We still face fundamental gaps in understanding how molecular plastic changes of synapses intersect with circuit operation to define behavioral states. Here we show that an antagonism between two conserved regulatory proteins, Spinophilin (Spn) and Syd-1, controls presynaptic long-term plasticity and the maintenance of olfactory memories in Drosophila. While Spn mutants could not trigger nanoscopic active zone remodeling under homeostatic challenge and failed to stably potentiate neurotransmitter release, concomitant reduction of Syd-1 rescued all these deficits. The Spn/Syd-1 antagonism converged on active zone close F-actin, and genetic or acute pharmacological depolymerization of F-actin rescued the Spn deficits by allowing access to synaptic vesicle release sites. Within the intrinsic mushroom body neurons, the Spn/Syd-1 antagonism specifically controlled olfactory memory stabilization but not initial learning. Thus, this evolutionarily conserved protein complex controls behaviorally relevant presynaptic long-term plasticity, also observed in the mammalian brain but still enigmatic concerning its molecular mechanisms and behavioral relevance.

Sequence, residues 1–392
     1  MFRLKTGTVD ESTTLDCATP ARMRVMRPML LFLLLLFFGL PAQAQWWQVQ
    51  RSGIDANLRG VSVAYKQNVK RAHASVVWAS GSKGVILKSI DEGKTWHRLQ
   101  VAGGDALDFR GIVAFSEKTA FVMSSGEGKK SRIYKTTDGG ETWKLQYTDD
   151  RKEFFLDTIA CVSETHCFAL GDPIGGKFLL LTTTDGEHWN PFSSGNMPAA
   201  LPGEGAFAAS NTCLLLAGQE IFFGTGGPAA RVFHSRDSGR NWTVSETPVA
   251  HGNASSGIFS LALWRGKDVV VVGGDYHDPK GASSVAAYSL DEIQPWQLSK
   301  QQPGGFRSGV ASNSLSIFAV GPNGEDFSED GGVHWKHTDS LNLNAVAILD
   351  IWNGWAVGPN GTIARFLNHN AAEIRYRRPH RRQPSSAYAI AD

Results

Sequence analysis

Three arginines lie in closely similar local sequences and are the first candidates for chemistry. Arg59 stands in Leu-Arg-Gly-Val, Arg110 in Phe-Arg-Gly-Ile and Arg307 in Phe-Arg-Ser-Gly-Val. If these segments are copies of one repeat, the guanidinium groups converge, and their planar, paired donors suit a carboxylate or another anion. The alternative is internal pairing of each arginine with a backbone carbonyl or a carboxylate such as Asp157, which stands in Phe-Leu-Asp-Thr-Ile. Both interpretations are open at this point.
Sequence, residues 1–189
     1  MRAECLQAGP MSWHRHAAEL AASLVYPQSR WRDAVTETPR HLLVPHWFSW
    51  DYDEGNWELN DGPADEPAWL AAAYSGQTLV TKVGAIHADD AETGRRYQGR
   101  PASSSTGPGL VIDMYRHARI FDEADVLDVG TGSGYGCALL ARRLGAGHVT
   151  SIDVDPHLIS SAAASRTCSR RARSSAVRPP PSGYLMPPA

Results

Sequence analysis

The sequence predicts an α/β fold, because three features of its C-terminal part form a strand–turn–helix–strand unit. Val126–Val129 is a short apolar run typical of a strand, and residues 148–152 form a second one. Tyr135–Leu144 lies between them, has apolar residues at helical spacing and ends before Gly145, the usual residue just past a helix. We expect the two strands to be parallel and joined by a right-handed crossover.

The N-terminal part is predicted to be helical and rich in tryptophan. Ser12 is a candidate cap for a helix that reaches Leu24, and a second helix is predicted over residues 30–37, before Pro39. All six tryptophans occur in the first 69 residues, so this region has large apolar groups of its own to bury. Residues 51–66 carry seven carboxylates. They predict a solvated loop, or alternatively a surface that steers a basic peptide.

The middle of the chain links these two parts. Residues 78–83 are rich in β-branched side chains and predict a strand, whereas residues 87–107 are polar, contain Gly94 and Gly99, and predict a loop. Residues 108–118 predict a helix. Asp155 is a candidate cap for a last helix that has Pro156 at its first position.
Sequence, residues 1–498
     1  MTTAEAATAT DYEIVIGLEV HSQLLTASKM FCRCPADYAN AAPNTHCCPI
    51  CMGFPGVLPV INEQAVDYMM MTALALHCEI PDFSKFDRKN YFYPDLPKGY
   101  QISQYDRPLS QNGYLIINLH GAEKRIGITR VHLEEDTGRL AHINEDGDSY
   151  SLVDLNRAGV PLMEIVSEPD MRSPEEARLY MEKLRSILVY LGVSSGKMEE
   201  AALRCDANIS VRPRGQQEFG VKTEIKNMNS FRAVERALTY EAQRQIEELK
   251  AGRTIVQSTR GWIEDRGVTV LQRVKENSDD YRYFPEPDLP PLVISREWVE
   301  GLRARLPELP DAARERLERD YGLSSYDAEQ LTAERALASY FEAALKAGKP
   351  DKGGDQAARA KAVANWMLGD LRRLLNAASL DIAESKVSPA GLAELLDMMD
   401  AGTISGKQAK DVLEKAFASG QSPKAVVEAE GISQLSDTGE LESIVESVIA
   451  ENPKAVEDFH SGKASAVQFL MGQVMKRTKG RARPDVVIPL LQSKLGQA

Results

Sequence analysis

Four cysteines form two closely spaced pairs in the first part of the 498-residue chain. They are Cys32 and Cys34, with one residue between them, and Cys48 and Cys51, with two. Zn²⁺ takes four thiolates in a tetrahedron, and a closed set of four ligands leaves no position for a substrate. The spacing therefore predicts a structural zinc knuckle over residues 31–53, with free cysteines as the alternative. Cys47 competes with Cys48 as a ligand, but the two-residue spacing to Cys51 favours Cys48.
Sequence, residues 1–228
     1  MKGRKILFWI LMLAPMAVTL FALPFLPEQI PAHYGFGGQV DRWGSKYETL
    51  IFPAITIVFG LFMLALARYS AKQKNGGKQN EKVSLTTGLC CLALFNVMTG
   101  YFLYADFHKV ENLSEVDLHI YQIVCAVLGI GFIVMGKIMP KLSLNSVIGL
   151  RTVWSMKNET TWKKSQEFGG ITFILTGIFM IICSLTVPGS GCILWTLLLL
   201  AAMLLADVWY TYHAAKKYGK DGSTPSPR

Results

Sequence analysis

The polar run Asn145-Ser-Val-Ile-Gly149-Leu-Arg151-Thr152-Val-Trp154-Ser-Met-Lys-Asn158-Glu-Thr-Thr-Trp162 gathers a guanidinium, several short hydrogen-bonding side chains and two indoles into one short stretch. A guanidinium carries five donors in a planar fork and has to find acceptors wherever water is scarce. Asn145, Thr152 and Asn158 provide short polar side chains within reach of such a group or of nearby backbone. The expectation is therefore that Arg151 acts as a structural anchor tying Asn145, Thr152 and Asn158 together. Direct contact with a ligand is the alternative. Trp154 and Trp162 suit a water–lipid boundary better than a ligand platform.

1. Computational and Systems Biology
    2. Neuroscience
    Huu Hoang, Shinichiro Tsutsumi ... Keisuke Toyama
    Research Article Updated

    Cerebellar climbing fibers convey diverse signals, but how they are organized in the compartmental structure of the cerebellar cortex during learning remains largely unclear. We analyzed a large amount of coordinate-localized two-photon imaging data from cerebellar Crus II in mice undergoing ‘Go/No-go’ reinforcement learning. Tensor component analysis revealed that a majority of climbing fiber inputs to Purkinje cells were reduced to only four functional components, corresponding to accurate timing control of motor initiation related to a Go cue, cognitive error-based learning, reward processing, and inhibition of erroneous behaviors after a No-go cue. Changes in neural activities during learning of the first two components were correlated with corresponding changes in timing control and error learning across animals, indirectly suggesting causal relationships. Spatial distribution of these components coincided well with boundaries of Aldolase-C/zebrin II expression in Purkinje cells, whereas several components are mixed in single neurons. Synchronization within individual components was bidirectionally regulated according to specific task contexts and learning stages. These findings suggest that, in close collaborations with other brain regions including the inferior olive nucleus, the cerebellum, based on anatomical compartments, reduces dimensions of the learning space by dynamically organizing multiple functional components, a feature that may inspire new-generation AI designs.